The latest Global Multidimensional Poverty Index (MPI) frames India as a success story, with newly analysed data revealing the country has made rapid progress on reducing poverty over the last decade.
Published for the first time in 2010 by the United Nations Development Program (UNDP) and the Oxford Poverty and Human Development Initiative (OPHI), the MPI measures three main dimensions of poverty—health, education and living standards—in 104 developing countries around the world. The report says around 75% of the world's people live in these countries, and one in four of them lives in poverty.
By looking at factors like malnutrition and access to energy, education and housing, the MPI aims to provide a fuller picture of how poverty impacts people than standard measures based purely on income.
Although India still has the largest number of people living in multidimensional poverty in the world, the new report says India has made considerable progress. Between 2005-06 and 2015-16, India nearly halved its poverty rate, from 55% to 28%. OPHI director Sabina Alkire says this represents a historic shift on par with China's rapid poverty reduction over the last few decades.
"We were able to look at changes over time and it's a surprisingly happy story," Alkire told DW. "Even considering population growth, we've seen a reduction in the number of poor people from 635 million to 364 million. So, 271 million people have moved out of poverty in India. That's massive."
OPHI reports that the fastest poverty reduction in India was among the country's most vulnerable, suggesting they are "catching up" with the rest of society.
But Alkire says the reasons behind these improvements remain unclear. "[The report] is a call to the people of India to tell us what went right and how that can be sustained," Alkire says.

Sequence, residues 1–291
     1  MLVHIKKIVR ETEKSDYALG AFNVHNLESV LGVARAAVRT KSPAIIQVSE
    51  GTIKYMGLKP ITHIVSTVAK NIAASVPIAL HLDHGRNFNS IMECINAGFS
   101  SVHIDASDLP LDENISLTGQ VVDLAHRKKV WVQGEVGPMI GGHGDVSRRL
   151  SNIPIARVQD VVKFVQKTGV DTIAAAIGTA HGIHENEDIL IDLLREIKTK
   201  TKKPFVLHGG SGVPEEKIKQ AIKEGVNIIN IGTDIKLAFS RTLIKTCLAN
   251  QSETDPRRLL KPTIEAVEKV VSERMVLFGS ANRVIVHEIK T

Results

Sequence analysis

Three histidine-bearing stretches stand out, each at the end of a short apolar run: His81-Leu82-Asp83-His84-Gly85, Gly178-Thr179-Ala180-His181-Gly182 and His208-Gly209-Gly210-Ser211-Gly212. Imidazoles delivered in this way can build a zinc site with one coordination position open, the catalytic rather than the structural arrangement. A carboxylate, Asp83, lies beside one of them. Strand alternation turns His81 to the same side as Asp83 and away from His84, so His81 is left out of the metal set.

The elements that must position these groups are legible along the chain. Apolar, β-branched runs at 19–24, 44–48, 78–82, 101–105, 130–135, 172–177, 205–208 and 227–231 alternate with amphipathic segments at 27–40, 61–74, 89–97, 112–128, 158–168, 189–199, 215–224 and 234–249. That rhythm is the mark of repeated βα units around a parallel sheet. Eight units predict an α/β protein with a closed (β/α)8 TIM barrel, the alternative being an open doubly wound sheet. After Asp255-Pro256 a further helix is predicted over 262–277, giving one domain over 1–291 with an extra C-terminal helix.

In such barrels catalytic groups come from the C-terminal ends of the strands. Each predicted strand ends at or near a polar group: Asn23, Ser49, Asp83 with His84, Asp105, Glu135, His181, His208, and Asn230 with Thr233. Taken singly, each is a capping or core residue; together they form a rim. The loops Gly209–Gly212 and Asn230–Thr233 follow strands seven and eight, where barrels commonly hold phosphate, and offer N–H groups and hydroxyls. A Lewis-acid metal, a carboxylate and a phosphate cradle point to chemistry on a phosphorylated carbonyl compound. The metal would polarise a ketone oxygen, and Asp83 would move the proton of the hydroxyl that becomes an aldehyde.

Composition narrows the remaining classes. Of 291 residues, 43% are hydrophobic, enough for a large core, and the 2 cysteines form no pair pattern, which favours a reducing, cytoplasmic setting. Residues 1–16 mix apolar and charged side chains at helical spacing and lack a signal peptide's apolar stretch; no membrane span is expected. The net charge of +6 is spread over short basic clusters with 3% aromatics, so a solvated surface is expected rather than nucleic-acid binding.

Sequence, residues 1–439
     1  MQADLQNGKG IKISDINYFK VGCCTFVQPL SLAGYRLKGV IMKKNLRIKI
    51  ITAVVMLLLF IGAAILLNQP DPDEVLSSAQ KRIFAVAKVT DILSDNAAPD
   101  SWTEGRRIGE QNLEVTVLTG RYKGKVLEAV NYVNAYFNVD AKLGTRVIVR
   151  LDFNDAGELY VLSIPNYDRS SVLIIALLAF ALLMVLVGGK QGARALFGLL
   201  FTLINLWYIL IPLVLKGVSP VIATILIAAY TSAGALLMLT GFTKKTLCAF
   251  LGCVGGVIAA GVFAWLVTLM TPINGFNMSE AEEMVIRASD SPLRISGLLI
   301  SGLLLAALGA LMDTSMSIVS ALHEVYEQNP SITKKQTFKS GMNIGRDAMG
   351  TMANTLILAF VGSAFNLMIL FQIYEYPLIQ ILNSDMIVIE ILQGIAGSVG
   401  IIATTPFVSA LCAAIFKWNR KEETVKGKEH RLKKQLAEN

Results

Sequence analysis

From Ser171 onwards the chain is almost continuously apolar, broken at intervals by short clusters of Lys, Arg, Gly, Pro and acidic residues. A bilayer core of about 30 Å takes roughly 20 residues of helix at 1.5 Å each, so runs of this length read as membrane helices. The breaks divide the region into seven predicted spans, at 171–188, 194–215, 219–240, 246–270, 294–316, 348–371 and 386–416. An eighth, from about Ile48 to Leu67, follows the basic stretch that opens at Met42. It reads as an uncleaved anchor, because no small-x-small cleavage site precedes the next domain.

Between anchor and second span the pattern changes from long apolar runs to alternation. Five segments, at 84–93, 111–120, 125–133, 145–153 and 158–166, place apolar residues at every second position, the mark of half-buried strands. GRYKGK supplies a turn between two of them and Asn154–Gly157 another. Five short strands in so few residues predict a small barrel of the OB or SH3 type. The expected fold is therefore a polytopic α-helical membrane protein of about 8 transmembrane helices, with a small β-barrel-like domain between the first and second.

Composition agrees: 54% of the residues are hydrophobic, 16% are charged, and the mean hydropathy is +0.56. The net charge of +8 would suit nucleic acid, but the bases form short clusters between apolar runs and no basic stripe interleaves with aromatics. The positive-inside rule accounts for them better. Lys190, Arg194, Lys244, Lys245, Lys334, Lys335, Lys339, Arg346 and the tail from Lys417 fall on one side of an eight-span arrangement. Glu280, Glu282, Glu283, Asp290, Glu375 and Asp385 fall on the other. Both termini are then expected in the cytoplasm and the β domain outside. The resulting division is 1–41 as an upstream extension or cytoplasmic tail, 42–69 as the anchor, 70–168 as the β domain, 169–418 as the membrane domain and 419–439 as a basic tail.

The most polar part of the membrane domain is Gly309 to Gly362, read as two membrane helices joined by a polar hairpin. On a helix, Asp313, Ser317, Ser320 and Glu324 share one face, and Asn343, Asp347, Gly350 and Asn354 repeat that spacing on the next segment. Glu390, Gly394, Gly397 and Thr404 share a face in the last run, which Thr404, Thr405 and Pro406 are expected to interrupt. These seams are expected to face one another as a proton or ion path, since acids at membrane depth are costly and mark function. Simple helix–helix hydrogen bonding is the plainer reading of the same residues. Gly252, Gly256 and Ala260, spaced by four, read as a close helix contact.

"Now, the ongoing challenge for India is that those groups still remain the poorest, they haven't overtaken others. But if this positive trend can be continued from 2015/16 into the future that would be a fantastic accomplishment in terms of reducing the human suffering," she added
Still, despite progress, Save the Children India's director, Bidisha Pillai, says India's reduction in poverty doesn't guarantee children better access to rights and quality of life.
"It's not resulting in better health outcomes necessarily, it's not resulting in better quality of learning outcomes and it's certainly not resulting in better protection of children from violence," she told DW, adding that while "many people have been lifted out of poverty, this has not translated into tackling some of the more difficult issues when it comes to children."
While the report does not cover the entire global population, its authors estimate that half the world's poor are under the age of 18. One out of every three—or 662 million—children in the countries looked at in the study live in multidimensional poverty.
Alkire hopes policymakers will use the data collected for the latest MPI to inform measures to tackle poverty.
"[Governments] can really use it to get traction on the internal issues and to get monitoring which celebrates progress, making it very visible and politically salient," Alkire says.
The UNDP will also make MPI data publicly available online on World Poverty Day on October 17, allowing local academics to analyse their own countries' data.
"We want them to figure out what made change happen, [and ask] how can we make policies better," Alkire says. "Because it's their minds, their creativity and knowledge of the context that can do so much more than any one group from outside can do."
Save the Children India's Bidisha Pillai says the data is also useful for humanitarian and non-profit organisations.
"We find it extremely helpful," she told DW. "It allows us to make strategic choices in terms of what are the specific themes that we need to focus on, as well as where we should [target] our programs in order to reach the most marginalised."
Inputs by NH Web Desk